Effects of tunable, 3D-bioprinted hydrogels on human brown adipocyte behavior and metabolic function

Mitchell Kuss, Jiyoung Kim, Dianjun Qi, Shaohua Wu, Yuguo Lei, Soonkyu Chung, Bin Duan

Research output: Contribution to journalArticle

12 Scopus citations

Abstract

Obesity and its related health complications cause billions of dollars in healthcare costs annually in the United States, and there are yet to be safe and long-lasting anti-obesity approaches. Using brown adipose tissue (BAT) is a promising approach, as it uses fats for energy expenditure. However, the effect of the microenvironment on human thermogenic brown adipogenesis and how to generate clinically relevant sized and functioning BAT are still unknown. In our current study, we evaluated the effects of endothelial growth medium exposure on brown adipogenesis of human brown adipose progenitors (BAP). We found that pre-exposing BAP to angiogenic factors promoted brown adipogenic differentiation and metabolic activity. We further 3D bioprinted brown and white adipose progenitors within hydrogel-based bioink with controllable physicochemical properties and evaluated the cell responses in 3D bioprinted environments. We used soft, stiff, and stiff-porous constructs to encapsulate the cells. All three types had high cell viability and allowed for varying levels of function for both white and brown adipocytes. We found that the soft hydrogel constructs promoted white adipogenesis, while the stiff-porous hydrogel constructs improved both white and brown adipogenesis and were the optimal condition for promoting brown adipogenesis. Consistently, stiff-porous hydrogel constructs showed higher metabolic activities than stiff hydrogel constructs, as assessed by 2-deoxy glucose uptake (2-DOG) and oxygen consumption rate (OCR). These findings show that the physicochemical environments affect the brown adipogenesis and metabolic function, and further tuning will be able to optimize their functions. Our results also demonstrate that 3D bioprinting of brown adipose tissues with clinically relevant size and metabolic activity has the potential to be a viable option in the treatment of obesity and type 2 diabetes. Statement of Significance: One promising strategy for the treatment or prevention of obesity-mediated health complications is augmenting brown adipose tissues (BAT), which is a specialized fat that actively dissipate energy in the form of heat and maintain energy balance. In this study, we determined how pre-exposing human brown adipose progenitors (BAP) to angiogenic factors in 2D and how bioprinted microenvironments in 3D affected brown adipogenic differentiation and metabolic activity. We demonstrated that white and brown adipogenesis, and thermogenesis were regulated by tuning the bioprintable matrix stiffness and construct structure. This study not only unveils the interaction between BAP and 3D physiological microenvironments, but also presents a novel tissue engineered strategy to manage obesity and other related metabolic disorders.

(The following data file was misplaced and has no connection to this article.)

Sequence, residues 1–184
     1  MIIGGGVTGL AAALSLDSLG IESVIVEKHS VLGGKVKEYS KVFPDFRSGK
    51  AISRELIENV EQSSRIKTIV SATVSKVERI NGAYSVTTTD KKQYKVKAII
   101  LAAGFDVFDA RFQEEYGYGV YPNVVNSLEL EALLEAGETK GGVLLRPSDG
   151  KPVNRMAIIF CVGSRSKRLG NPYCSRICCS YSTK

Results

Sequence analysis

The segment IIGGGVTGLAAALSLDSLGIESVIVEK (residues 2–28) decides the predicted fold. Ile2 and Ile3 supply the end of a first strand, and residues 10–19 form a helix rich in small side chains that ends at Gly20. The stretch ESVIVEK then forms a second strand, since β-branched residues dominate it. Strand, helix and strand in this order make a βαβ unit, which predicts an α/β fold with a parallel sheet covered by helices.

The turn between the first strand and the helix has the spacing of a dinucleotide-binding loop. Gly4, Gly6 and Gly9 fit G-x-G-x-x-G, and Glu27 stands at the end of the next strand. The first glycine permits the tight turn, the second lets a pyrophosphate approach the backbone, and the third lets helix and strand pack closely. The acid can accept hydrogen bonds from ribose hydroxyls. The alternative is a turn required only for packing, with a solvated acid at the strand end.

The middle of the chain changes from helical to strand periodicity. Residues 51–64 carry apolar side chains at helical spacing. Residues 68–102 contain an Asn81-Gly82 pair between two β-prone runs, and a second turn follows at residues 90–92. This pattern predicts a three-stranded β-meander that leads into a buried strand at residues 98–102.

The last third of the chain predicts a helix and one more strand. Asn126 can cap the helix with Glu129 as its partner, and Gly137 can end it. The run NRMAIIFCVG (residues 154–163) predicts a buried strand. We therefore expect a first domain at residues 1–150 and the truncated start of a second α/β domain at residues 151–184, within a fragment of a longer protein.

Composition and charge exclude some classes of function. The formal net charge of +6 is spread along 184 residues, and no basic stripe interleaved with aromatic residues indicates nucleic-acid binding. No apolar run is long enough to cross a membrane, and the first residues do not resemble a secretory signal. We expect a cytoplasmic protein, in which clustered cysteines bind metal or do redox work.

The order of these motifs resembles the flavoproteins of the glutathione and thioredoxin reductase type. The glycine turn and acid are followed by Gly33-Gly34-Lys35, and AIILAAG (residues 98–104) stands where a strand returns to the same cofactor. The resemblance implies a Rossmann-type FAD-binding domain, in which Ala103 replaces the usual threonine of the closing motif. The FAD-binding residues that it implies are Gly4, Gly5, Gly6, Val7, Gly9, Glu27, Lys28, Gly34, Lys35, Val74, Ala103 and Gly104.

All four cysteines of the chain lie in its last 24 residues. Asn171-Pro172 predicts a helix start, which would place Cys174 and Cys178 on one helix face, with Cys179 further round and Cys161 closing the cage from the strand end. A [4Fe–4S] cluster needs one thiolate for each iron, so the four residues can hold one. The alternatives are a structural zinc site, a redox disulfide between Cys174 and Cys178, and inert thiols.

Original languageEnglish (US)
Pages (from-to)486-495
Number of pages10
JournalActa Biomaterialia
Volume71
DOIs
StatePublished - Apr 15 2018

Keywords

  • Brown adipocytes
  • Obesity
  • Porosity
  • Stiffness
  • Tissue engineering

ASJC Scopus subject areas

  • Biotechnology
  • Biomaterials
  • Biochemistry
  • Biomedical Engineering
  • Molecular Biology

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